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A dynamic scene at a rooftop theater reveals changes in Gilded Age society
Ephemeral New York
by ephemeralnewyork
3w ago
Going to the theater has always been a beloved New York City pastime. But theater became even more thrilling with the advent of open-air rooftop gardens—which hit the scene in the late 1880s with the opening of the rooftop theater at the Casino on Broadway and 39th Street. It wasn’t just the cool breezes that appealed to New Yorkers. “Only at the turn of the century did amusements of this sort become acceptable places for respectable women,” explains the Whitney Museum of American Art, which has this painting, by William Glackens, in its collection. “Hammerstein’s Roof Garden,” from 1901, dep ..read more
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An elegy for a surreal East Village dive bar that welcomed those in the shadows
Ephemeral New York
by ephemeralnewyork
3w ago
There’s something about legendary East Village bars that leave New Yorkers mourning them even decades after they close their doors. The tenth anniversary of the shuttering of Mars Bar in 2011, the gritty dive on Second Avenue and East First Street, merited tribute posts recalling its eclectic mix of regulars. Brownie’s, on Avenue A, pulled the plug in 2002, but Gen X fans are still reminiscing about the bands they saw there. So it seems unusual that one old-school East Village haunt has no Facebook fan group posting photos and videos, no articles bemoaning the reasons behind its closure. That ..read more
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A 1950s congressman’s faded re-election ad still remains on a Bronx tenement
Ephemeral New York
by ephemeralnewyork
3w ago
It’s been more than 70 years since Paul A. Fino began serving as a U.S. Congressional rep for the Bronx, where he was born and raised. Fino, a leader in the Bronx’s Republican party, won a seat in the 83rd Congress in 1952, then was reelected for seven more terms—resigning in 1968 to become a judge on the New York State Supreme Court. He sounds like the kind of colorful, promotional politician who understood his constituents in the borough’s 25th District. In postwar New York City, that district—from Riverdale to Woodlawn to Parkchester to Throgs Neck—was primarily Italian, Irish, German, and ..read more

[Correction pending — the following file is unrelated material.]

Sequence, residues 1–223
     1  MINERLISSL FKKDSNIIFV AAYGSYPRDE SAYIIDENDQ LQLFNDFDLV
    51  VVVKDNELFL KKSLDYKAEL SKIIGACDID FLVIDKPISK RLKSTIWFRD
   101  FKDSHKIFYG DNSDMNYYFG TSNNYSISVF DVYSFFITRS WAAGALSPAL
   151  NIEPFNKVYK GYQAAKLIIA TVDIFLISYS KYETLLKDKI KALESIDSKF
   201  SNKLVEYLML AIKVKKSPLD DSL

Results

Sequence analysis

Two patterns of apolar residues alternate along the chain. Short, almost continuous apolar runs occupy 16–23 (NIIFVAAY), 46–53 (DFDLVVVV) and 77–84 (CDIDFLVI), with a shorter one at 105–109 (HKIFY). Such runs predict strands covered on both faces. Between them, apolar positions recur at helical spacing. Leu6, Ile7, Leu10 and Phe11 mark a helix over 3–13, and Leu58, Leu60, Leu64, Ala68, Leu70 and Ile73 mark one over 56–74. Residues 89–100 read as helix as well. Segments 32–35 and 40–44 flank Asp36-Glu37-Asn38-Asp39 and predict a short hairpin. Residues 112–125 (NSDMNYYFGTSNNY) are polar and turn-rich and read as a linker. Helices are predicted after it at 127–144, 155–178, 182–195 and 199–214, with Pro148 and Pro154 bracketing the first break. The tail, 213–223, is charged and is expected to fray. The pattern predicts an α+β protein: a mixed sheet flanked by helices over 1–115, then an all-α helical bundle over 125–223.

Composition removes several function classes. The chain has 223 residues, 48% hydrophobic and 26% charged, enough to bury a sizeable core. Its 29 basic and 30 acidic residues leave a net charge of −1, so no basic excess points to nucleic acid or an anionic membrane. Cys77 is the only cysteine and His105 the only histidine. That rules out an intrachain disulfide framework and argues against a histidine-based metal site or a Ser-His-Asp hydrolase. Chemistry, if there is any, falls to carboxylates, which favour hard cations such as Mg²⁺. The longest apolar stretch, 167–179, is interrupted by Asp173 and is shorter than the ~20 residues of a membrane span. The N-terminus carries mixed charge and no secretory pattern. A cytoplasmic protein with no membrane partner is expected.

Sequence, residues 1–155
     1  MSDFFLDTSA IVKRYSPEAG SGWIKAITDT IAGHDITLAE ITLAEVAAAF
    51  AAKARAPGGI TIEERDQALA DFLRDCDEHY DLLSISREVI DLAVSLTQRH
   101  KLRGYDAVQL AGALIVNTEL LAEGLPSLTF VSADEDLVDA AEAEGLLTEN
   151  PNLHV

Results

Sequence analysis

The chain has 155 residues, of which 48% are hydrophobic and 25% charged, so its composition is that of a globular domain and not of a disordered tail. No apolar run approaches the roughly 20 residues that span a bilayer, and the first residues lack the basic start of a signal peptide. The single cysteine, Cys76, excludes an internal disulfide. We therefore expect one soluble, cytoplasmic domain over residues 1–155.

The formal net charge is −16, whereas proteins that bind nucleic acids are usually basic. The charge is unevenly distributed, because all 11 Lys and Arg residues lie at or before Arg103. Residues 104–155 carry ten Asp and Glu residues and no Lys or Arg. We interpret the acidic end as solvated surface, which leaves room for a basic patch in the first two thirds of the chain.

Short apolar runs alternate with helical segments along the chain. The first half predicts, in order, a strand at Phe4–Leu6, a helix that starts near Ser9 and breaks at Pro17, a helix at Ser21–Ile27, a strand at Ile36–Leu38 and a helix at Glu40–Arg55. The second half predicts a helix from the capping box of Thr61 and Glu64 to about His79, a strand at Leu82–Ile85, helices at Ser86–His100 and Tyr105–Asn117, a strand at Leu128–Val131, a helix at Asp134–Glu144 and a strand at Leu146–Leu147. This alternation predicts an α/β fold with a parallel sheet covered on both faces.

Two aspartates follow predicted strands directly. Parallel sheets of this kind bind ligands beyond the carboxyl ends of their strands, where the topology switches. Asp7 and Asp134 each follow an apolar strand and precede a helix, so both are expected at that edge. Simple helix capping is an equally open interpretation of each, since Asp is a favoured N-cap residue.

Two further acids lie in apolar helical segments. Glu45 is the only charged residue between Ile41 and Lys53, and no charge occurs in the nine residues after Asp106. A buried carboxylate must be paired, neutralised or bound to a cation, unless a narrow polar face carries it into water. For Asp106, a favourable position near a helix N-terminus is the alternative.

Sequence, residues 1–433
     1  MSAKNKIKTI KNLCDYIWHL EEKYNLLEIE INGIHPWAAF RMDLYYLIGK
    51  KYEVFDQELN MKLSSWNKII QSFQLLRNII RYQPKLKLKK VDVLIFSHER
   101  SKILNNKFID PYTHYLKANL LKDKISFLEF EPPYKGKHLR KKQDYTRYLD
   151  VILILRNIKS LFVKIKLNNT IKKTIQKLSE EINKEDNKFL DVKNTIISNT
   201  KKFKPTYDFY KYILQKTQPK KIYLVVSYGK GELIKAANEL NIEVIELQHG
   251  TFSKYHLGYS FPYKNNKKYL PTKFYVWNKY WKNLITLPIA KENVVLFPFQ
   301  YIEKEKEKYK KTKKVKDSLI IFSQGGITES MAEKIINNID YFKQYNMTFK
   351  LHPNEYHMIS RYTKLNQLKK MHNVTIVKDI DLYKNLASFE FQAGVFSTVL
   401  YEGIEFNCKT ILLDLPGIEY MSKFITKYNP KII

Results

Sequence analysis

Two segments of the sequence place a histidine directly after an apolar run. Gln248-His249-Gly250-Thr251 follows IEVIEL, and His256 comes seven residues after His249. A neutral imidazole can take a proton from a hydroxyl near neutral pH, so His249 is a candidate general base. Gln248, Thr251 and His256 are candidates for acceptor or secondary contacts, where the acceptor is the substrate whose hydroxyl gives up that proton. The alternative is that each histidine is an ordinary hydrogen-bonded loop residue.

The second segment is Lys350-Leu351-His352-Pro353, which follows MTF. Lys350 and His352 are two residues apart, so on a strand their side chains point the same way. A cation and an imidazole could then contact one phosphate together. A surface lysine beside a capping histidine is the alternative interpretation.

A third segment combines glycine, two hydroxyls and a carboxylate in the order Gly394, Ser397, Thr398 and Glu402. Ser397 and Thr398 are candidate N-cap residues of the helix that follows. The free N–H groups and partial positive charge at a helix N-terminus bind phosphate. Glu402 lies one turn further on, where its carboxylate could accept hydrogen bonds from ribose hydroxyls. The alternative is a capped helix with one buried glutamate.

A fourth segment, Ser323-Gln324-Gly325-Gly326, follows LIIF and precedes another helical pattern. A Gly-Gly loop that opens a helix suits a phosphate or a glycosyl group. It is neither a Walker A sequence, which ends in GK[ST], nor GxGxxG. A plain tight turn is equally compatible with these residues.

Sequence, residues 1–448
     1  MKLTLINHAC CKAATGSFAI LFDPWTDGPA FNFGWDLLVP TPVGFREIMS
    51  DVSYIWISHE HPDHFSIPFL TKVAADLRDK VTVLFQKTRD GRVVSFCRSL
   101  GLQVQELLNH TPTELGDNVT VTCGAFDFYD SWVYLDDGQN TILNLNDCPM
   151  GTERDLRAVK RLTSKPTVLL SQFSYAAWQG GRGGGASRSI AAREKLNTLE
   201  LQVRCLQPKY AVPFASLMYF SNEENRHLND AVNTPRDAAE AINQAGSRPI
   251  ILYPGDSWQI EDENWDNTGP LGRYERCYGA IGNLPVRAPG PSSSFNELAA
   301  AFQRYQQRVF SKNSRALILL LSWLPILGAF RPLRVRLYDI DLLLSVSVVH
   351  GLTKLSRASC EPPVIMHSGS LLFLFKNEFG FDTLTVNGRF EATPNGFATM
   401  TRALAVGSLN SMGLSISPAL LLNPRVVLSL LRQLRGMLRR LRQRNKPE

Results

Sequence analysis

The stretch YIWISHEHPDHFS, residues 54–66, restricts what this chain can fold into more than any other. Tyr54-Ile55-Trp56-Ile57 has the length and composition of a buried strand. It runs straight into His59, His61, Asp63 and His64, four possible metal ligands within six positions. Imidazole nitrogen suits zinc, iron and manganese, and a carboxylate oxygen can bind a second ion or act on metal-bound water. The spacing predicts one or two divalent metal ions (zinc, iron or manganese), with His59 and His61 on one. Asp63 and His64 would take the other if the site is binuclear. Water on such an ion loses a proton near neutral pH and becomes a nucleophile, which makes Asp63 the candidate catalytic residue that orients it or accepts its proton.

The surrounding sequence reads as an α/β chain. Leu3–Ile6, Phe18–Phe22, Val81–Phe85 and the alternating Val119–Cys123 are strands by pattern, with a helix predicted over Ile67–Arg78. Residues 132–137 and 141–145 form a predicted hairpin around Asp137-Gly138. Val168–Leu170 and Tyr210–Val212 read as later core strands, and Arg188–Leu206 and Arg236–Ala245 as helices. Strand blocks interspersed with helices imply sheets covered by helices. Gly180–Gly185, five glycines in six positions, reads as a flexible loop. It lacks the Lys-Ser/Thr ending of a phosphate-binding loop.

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The “great white hurricane” that changed life in New York City
Ephemeral New York
by ephemeralnewyork
1M ago
Teetering telephone poles, trains navigating (or stuck on) snowy tracks, a lone figure on the walkway of an empty bridge—this spooky image of the Brooklyn Bridge in the aftermath of the Blizzard of 1888 is a captivating reminder of how a freak March snowstorm killed more than 200 New Yorkers and brought the city to its knees. The “great white hurricane,” as it was called, began on March 11. The day before was balmy with a forecast of rain; by midnight temperatures plunged to the single digits. Wind gusts of 85 miles per hour gripped the city, and heavy snowfall (22 inches total) created white ..read more
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What remains of an 1880s apartment house holding out on West 58th Street
Ephemeral New York
by ephemeralnewyork
1M ago
It’s on the eastern end of a small row of 19th century holdout buildings—three survivors huddled together amid a stretch of boxy hotels and office towers near Billionaire’s Row. On its left is a French Renaissance-style carriage house commissioned by the oldest daughter of unscrupulous Gilded Age financier Jay Gould. On the other side of the carriage house is a Beaux-Arts firehouse, built around 1905 for one of the city’s oldest engine companies. Next to its stunning neighbors, 211 West 58th Street doesn’t seem so impressive: a five-story red brick walkup with commercial space on the ground f ..read more